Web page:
Wave 1: “Gold rush” for agency recruiters. The 1990s through to the mid-2000s were a gold rush for agency recruiters. Proprietary databases gave them an information arbitrage, and they could charge employers a premium. The industry was flooded with all manner of folk looking to strike it rich. Many agencies were sales-intensive environments with few rules; owners became rich, and some went as far as listing public companies.
Wave 2: Internal and RPO. The hangover began in the mid- to late-2000s with two conflicting trends. First, the popularity of LinkedIn and other technologies empowered many companies to reduce spend on external recruiters and manage the process internally. This period saw a major trend toward corporate recruiting teams. Many agency recruiters made the shift to an internal environment. They still “did” recruiting, just for a single company, often in a more stable environment.
Second, recruitment process outsourcing (RPO) emerged as large employers realized they could get the benefits of an internal team — at lower cost — by outsourcing their entire recruiting function. Early players were acquired by incumbents — e.g. Sourceright (Randstad), TheRightThing (ADP). Today’s standalone leaders have attracted significant investment from private equity — e.g. Cielo (KKR), WilsonHCG(Frontier Capital). RPO is currently a $3-4 billion industry growing at 10 percent per annum, but is generally restricted to high-volume employers due to high costs of delivery.
Wave 3: Specialization and independents. Over the past five years, technical innovation has trickled down to reshape the profession of recruitment. Specialist sourcers, focused on the technical activity of candidate identification and outreach, have emerged as a category distinct from recruiters. In parallel, independent contract recruiters have blurred the lines between internal and external. Independent recruiters (and sourcers) now have more options to work for themselves, using new tools and platforms, under a variety of pricing models (e.g. hourly, project-based, success-based). This has benefited employers by reducing cost and increasing flexibility.
The next wave
2016 is a watershed moment with many of these trends converging. The next wave is coming — will it be a period of consolidation, innovation or both? Here are four shocks already underway, along with questions that will shape the industry for the next decade or more.
Major new entrants
Microsoft has aggressively entered the space with its $26 billion acquisition of LinkedIn. Integration will take time, but will have far-reaching implications across the industry. Will this open the doors for other major entrants?
We know companies like Salesforce, Google and Facebook were interested in LinkedIn, and that Salesforce in particular has a longstanding interest in HR tech. Is Microsoft’s entry likely to dampen or increase those ambitions?
Then there are the “forgotten” giants of Oracle, SAP and IBM, with deep pockets, major horses in this race and a risk of falling behind the next wave of innovation in recruitment technology.
How could these companies or others find ways to enter the space?
Vertical integration along the value chain
Randstad (No. 2 recruitment services company globally) is acquiring Monster, to support its goal of building the world’s most comprehensive portfolio of HR services. This isn’t the first big example of vertical integration — after Recruit Group (Japanese conglomerate) acquired Indeed — but could be the most impactful given the potential for integration.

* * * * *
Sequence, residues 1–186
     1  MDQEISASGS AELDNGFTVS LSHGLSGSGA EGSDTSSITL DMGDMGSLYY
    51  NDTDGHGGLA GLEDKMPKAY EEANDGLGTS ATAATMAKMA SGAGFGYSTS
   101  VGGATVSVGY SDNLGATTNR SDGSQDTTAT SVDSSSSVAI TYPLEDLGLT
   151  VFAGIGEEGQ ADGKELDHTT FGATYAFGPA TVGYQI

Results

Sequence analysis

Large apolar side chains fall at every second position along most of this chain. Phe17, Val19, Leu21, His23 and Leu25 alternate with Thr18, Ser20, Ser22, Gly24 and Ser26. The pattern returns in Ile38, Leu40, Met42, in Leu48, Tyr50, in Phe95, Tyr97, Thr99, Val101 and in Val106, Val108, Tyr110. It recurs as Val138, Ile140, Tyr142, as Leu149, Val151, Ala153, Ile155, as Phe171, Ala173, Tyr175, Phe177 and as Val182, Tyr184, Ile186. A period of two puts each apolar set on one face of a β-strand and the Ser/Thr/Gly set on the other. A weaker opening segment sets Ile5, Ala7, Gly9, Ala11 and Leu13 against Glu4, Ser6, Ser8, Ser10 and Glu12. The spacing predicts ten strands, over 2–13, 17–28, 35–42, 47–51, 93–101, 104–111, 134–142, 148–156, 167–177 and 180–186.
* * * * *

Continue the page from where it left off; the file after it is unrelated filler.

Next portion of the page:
Vertical integration is also happening in other areas; for example:
Incumbent job boards investing in steps beyond the job posting:
- CareerBuilder – acquiring an ATS company.
- Monster – acquiring an RPO firm.
- SEEK – developing and investing in new services.
Mixed models emerging, blending technology and services:
- Hired – a mix of recruitment agency and tech platform.
- Indeed Prime – a new service that smells suspiciously like Hired.
ATS providers expanding and integrating with an aim of owning the entire recruiting workflow.
How will incumbent service providers or traditional models respond to vertical integration?
Fragmentation of technology solutions
While the top end is consolidating and integrating, the number of startups focused on recruitment technology has exploded. It has never been easier or cheaper to start a tech company, and the industry has been flooded with founders and new investment chasing the next big thing.
Many of these new startups feel like features more than businesses, and will pivot or disappear. For practitioners and potential customers, it’s more difficult than ever to cut through the noise and understand which new technology can truly impact your hiring process.
What will be the next breakout technologies and innovations to scale?
Specialization of service providers
Traditional service providers — recruiters, sourcers, executive search consultants — face pressure on margins as they compete against tech-enabled solutions. Many are adapting to different pricing and business models. The best will continue to specialize by industry, geography and stage of the hiring process.
Generalist providers will struggle. Incumbents that don’t make bold moves will be left behind. In an environment of technical consolidation and increasing competition on the ground, many will exit the industry or simply perish.
How can incumbent service providers differentiate to maintain margins and stay relevant?
This article does not propose answers to any of these questions. The intention was to frame the historical context and biggest trends currently driving the industry. The only prediction is that 2016 will be remembered as a watershed year in recruitment services and technology.
How will it impact you?
About the Author
Michael Overell is CEO and co-founder of RecruitLoop, an online platform of independent recruiters. He relocated from to the Bay Area from Sydney in 2013 and currently leads a distributed team across six countries. Michael previously worked with McKinsey and PwC after graduating from University of Queensland in Australia. Follow him at @mboverell.